We had a porch to sit on and watch the animals and inside was a hot tub just waiting to be filled with hot water and put to use. I asked Gary where the closest store was so I could throw a saddle on Dan and go shopping. Gary handed me the keys to his truck and sent me on my way.
The next morning, I was in all sorts of pain. It seems I had cracked a tooth and needed to see a dentist post haste. Theresa made some calls and got me into a dentist that day. Theresa had her carpenter take me to see Dr. Timothy Raushe, D.D.S. who, after some x-rays, informed me that I had two impacted teeth that needed to come out. I’m not a big fan dentists and I don’t know anybody who is. Dr. Raushe understands this it seems and, with very skilled and gentle hands, had the two teeth that were causing the pain out of my mouth and laying on a stand beside me. The bill wasn’t very painful either.
We had to stay one more night at the Grace Inn and Gary allowed me to pay for that night. We were up early Wednesday morning and with no pain in my mouth, we had the girls and Dan groomed, harnessed and ready to roll out with one quick stop by Dr. Raushe’s office to drop off a few post cards.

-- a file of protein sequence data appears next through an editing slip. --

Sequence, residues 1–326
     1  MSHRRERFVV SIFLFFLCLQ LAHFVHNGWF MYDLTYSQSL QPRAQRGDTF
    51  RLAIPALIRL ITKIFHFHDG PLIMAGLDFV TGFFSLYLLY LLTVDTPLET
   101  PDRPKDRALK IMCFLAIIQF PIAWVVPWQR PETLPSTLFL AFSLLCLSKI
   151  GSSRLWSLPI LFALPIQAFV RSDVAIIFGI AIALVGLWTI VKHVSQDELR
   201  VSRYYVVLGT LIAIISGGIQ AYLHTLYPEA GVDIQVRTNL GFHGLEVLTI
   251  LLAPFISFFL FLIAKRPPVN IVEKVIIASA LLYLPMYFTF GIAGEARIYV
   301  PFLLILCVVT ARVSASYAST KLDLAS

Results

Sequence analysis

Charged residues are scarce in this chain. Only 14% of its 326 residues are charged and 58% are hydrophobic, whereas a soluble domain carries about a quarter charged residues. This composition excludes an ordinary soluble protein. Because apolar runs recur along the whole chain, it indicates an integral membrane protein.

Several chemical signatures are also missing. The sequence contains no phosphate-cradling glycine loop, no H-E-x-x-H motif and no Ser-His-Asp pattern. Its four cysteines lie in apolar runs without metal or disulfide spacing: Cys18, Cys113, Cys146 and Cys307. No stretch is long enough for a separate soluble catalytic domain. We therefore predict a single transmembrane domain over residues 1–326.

We trotted out of town bound for New Madrid, Missouri, a small town along the Mississippi River. We had a nice day of travel atop a levy road all the way to New Madrid. As we were coming into town, a gentleman in a red truck stopped us and asked if we would like to camp at his house in town. We made it there and were greeted by his nice wife, Sarah Ann, who is a school teacher.
With the help of Sally Ann and several of her neighbors, we had our camp set up in no time. A guy we had met along the road into town, John, was there and gave me a ride to the grocery store. When we returned, I was surprised to see two of the girls from Dr. Raushe’s office. It turns out, they live in the same neighborhood. This turned out to be another night that I didn’t have to cook. One of the neighbor ladies and employee of Dr. Raushe grilled hamburgers and hot dogs and they were terrific.
We got up early the next morning and got ready for the day. We were unable to say goodbye to Sally Ann as she was up and gone with the sun, I think. We got on the road and started trotting towards the small farming town of Parma, Missouri.